It was not until the emergence of industrialisation and urbanisation that the informal helping systems of the church and family began to be placed by social welfare services. The practice of social work has an origin that is relatively modern and scientific`, and is considered to have developed out of three strands. The first one being Individual Casework, a strategy that was pioneered by the Charity Organisation Society (COS) in the mid- 19th century. The second one was the Social Administration, which included various forms of poverty relief.
State-wide poverty relief could be said to have its roots in the English Poor Laws of the 17th century, but was first systematised through the efforts of the COS. The third one consisted of social actions, rather than engaging in the resolution of immediate individual requirements, the emphasis was placed on political action, working through the community and the group to improve their social conditions and thereby alleviate poverty. This approach was developed originally by the settlement housing movement. Together with the development of institutions to deal with all the social problems. They all had a very quick growth during the 19th century, had the foundation basis for social work theory and practice.
The profession of social work originated in 19th century England. Its roots were in the social and economic upheaval brought by Industrial Revolution, particularly the social struggle in dealing with resultant mass urban-based poverty and its related problems. Since poverty was the main focus of early social work, it was intrinsically linked with the idea of charity work.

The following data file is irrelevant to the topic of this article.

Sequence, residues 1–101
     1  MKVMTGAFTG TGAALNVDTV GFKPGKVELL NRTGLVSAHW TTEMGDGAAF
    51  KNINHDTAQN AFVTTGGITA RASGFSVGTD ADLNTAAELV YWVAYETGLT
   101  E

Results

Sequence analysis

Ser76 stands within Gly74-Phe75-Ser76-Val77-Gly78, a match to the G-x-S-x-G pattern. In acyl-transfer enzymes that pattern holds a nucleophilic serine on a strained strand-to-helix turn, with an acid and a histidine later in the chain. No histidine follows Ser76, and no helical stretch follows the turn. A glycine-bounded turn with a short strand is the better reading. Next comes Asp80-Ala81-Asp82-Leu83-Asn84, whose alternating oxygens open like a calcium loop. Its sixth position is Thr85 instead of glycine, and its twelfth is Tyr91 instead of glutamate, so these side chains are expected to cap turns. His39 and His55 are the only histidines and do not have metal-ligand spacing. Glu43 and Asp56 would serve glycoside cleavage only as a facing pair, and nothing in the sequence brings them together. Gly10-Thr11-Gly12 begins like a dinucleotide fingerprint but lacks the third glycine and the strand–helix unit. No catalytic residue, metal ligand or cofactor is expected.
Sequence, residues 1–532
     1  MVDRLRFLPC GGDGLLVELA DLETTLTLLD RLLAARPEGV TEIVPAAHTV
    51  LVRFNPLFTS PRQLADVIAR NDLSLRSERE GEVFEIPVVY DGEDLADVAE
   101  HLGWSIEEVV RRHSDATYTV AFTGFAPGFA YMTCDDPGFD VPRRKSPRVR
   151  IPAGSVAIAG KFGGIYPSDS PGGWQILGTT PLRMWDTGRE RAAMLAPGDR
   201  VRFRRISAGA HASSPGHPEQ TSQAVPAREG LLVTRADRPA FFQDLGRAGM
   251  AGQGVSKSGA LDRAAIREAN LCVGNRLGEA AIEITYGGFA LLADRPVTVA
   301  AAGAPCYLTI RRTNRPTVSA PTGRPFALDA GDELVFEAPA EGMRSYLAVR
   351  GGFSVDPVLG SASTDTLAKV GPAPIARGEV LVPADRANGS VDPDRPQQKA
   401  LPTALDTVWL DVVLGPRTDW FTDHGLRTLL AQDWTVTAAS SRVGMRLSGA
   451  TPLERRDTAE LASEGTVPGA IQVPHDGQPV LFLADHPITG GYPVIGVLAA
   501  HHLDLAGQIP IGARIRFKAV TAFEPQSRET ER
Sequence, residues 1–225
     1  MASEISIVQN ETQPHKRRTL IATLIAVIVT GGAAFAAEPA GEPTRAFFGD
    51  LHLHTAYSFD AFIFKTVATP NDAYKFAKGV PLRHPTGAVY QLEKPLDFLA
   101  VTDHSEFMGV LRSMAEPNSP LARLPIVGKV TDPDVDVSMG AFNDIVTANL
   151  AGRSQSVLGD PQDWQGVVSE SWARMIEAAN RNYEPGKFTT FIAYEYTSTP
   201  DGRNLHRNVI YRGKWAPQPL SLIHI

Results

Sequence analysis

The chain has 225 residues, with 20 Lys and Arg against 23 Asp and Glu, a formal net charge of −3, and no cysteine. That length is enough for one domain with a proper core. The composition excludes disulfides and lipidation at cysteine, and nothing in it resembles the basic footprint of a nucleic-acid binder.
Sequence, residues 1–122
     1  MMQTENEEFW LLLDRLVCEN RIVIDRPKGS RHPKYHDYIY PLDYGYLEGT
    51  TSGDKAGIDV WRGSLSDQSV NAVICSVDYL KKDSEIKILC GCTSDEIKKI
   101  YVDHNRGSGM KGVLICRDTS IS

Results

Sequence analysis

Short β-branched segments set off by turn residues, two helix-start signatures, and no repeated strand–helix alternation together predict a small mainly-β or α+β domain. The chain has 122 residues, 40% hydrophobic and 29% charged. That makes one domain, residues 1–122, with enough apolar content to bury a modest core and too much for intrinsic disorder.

Feudalism was in decline in 16th century England, the indigent poor were seen as a threat to social order. The government moved towards the formation of an organised poverty relief system to care for them. Early legislation was concerned with grants and making the able-bodied work, especially when there was short supply of labour followed by the Black Death. The provision of the deserving poor was made in the Elizabethan Poor Law of 1601 (Higginbothan, 2010). A system that was created and it administered parish level, paid for by levying local rates on rate payers.Relief for those who were too old/ill to work “imported poor” was in a form of items of food “perishable loaf” or clothes “ outdoor relief